The core journals in scientometrics were determined by the frequency of papers in journals in the elite publication subsets (i.e. most frequently cited publications) of Price medallists. It is supposed that scientometric impact indicators derived from elite subsets may represent the impact of total publication activity more appropriately than the indices referring to whole sets. It is assumed further that prominent scientists publish their papers of potentially high impact in the leading journals of the field. The size of the elite subsets was determined by h, π, πv, MCR, and HCP-statistics. MCR is the mean citation rate of publications in a total set, whereas HCP means here papers at least with 100 citations. According to MCR or HCP statistics those papers belong to the corresponding elite subset of which citation frequency is equal to or higher than the mean of the corresponding set or 100, resp. The combined set of papers in 11 core journals of scientometrics was analysed. The number of papers in the elite subsets and their mean citation rate was calculated. The size of the studied elite subsets ranges from 30 to 225. The mean citation rate of the journal papers in the different elite subsets was found to decrease as the size of the elite subset increased. The publications in the field of “scientometrics” were collected also by keywords: scientometric, bibliometric, informetric, and webometric, from WoS. The mean citation rate of papers in the elite subsets was found significantly higher for those published in journals covering non-scientometric topics (e.g. Nature, Science, British Medical Journal, PLOS One, etc.). The high rate of papers in the elite subsets published by Price medallists may validate the selection of these sets for evaluation purposes. In most cases, any of the studied elite subsets may be used for publication evaluation.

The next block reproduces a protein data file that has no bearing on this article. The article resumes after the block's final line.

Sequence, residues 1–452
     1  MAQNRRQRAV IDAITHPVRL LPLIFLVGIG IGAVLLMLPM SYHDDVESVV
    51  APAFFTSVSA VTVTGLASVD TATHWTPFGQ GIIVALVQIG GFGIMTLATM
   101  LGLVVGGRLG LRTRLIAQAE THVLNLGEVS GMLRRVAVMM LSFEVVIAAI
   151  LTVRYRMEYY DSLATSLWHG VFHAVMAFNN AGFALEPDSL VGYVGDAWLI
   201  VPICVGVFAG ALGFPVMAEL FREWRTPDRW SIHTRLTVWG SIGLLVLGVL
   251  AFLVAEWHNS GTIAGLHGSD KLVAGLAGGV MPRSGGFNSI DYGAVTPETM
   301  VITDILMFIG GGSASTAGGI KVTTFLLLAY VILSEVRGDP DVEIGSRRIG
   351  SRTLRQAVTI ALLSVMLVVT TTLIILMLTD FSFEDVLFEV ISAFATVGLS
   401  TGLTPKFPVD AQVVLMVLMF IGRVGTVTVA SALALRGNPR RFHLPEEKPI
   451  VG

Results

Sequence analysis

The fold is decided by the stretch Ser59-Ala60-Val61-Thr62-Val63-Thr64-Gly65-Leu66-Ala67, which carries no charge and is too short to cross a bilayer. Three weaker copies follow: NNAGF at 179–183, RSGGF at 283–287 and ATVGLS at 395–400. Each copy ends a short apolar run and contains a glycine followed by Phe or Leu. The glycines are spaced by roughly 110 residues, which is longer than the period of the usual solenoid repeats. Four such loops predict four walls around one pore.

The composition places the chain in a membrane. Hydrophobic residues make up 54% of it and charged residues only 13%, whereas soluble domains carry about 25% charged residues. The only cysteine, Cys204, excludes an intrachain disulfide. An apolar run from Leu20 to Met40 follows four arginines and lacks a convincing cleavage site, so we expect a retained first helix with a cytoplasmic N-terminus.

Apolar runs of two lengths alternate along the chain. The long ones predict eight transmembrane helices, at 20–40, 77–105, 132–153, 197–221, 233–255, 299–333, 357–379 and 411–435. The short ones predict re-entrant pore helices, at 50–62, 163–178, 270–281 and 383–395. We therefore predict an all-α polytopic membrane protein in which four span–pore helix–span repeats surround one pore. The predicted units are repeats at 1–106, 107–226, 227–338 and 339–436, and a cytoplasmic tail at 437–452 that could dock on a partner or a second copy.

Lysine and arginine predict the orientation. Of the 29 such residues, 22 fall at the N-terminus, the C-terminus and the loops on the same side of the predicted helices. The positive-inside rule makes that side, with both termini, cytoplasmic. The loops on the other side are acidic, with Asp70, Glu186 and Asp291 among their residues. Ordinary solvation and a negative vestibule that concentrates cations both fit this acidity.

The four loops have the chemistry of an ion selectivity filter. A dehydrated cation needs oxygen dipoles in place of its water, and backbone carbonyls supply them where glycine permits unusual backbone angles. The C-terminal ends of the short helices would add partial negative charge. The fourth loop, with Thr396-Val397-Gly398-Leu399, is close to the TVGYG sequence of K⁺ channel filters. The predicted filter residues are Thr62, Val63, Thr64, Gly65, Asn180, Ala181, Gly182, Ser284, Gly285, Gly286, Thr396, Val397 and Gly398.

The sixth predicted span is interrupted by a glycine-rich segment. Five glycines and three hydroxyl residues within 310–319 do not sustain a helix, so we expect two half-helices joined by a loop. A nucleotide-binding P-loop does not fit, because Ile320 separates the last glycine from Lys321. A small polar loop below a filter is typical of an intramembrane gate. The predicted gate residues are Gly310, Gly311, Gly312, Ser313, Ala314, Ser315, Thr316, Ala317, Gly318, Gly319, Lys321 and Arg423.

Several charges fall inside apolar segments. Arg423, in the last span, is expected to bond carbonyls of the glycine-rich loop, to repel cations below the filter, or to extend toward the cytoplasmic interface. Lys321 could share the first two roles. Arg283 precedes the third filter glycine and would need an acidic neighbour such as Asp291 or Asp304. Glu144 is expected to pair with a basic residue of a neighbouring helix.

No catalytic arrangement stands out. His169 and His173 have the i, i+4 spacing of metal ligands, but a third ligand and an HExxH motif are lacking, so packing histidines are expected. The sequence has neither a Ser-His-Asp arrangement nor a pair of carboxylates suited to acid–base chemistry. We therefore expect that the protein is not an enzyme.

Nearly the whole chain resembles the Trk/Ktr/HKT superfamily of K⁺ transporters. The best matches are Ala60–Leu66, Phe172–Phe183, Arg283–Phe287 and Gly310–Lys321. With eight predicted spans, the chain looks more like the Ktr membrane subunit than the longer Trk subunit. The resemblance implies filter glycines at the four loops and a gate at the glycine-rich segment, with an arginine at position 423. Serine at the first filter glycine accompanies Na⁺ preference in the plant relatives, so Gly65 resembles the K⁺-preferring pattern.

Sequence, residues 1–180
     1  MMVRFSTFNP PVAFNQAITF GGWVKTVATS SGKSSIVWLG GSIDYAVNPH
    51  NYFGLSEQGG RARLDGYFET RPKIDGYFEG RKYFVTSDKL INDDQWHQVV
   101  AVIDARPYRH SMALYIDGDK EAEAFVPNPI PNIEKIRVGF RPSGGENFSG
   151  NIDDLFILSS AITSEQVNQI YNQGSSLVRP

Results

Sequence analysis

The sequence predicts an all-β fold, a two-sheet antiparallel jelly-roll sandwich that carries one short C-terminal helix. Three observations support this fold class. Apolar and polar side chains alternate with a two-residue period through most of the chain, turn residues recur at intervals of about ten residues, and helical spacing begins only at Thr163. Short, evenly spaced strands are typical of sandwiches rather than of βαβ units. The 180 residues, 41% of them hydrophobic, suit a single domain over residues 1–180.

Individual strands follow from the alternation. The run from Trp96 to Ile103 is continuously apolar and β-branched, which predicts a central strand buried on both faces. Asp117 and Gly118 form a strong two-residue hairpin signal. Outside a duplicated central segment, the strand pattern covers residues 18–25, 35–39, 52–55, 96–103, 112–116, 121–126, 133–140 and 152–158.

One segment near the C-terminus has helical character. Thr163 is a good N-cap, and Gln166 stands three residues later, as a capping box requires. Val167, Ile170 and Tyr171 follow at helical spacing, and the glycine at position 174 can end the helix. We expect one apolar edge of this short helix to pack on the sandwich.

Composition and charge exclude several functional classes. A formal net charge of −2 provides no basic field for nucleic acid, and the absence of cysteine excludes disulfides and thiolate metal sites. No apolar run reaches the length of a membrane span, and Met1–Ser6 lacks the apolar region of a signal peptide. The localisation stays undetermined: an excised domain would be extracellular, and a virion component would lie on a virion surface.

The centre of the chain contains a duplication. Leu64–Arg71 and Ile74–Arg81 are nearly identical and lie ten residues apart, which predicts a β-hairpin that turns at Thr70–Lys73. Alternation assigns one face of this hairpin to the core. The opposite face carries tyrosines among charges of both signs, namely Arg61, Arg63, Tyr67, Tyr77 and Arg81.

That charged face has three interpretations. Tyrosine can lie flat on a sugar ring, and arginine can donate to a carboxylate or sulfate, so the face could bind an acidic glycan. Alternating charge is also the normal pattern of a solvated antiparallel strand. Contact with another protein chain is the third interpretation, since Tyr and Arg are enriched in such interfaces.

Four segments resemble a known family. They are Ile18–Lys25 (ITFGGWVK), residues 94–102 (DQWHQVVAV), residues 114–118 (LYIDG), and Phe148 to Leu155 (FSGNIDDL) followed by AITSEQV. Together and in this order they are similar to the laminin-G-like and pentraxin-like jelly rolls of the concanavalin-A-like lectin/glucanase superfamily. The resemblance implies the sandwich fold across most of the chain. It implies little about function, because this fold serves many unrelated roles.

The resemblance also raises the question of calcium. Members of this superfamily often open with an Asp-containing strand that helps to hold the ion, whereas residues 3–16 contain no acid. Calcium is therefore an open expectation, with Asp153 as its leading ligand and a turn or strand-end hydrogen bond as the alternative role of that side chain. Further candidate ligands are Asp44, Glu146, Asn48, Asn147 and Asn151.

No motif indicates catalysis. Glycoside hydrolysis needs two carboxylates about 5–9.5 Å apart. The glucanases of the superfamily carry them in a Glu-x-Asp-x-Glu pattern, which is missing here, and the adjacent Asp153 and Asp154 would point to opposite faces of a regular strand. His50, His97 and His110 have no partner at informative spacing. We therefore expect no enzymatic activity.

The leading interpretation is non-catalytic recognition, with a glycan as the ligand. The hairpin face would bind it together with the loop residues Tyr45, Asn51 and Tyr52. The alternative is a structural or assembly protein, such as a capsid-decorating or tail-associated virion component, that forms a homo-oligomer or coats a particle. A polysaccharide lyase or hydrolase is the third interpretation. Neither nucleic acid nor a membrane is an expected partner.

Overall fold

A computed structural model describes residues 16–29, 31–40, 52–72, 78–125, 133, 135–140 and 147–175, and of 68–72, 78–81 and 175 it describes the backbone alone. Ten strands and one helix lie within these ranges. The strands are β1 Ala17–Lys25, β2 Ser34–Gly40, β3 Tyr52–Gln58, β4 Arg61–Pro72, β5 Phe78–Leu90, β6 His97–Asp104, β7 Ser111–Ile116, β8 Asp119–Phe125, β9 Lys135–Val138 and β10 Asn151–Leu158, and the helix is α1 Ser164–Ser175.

- Highly cited papers
- Price medallists
- Scientometric journals
ASJC Scopus subject areas
- Social Sciences(all)
- Computer Science Applications
- Library and Information Sciences